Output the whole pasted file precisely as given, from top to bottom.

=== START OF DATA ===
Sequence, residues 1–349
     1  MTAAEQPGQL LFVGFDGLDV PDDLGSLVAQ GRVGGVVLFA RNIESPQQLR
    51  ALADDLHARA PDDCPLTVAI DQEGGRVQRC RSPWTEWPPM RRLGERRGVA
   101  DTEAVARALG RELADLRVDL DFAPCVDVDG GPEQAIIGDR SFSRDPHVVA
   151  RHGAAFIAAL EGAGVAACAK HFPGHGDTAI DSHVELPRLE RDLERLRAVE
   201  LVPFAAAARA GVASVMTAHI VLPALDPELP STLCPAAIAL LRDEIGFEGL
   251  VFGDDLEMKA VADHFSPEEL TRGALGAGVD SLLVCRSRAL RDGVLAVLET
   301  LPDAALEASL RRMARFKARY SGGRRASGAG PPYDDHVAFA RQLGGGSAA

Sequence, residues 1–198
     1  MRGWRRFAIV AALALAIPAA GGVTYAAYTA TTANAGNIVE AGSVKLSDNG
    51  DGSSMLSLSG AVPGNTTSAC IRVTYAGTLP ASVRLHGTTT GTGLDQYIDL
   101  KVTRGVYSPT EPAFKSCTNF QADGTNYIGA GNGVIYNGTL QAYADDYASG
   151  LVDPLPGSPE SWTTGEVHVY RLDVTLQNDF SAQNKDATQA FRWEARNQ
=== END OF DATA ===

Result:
Sequence, residues 1–349
     1  MTAAEQPGQL LFVGFDGLDV PDDLGSLVAQ GRVGGVVLFA RNIESPQQLR
    51  ALADDLHARA PDDCPLTVAI DQEGGRVQRC RSPWTEWPPM RRLGERRGVA
   101  DTEAVARALG RELADLRVDL DFAPCVDVDG GPEQAIIGDR SFSRDPHVVA
   151  RHGAAFIAAL EGAGVAACAK HFPGHGDTAI DSHVELPRLE RDLERLRAVE
   201  LVPFAAAARA GVASVMTAHI VLPALDPELP STLCPAAIAL LRDEIGFEGL
   251  VFGDDLEMKA VADHFSPEEL TRGALGAGVD SLLVCRSRAL RDGVLAVLET
   301  LPDAALEASL RRMARFKARY SGGRRASGAG PPYDDHVAFA RQLGGGSAA

Sequence, residues 1–198
     1  MRGWRRFAIV AALALAIPAA GGVTYAAYTA TTANAGNIVE AGSVKLSDNG
    51  DGSSMLSLSG AVPGNTTSAC IRVTYAGTLP ASVRLHGTTT GTGLDQYIDL
   101  KVTRGVYSPT EPAFKSCTNF QADGTNYIGA GNGVIYNGTL QAYADDYASG
   151  LVDPLPGSPE SWTTGEVHVY RLDVTLQNDF SAQNKDATQA FRWEARNQ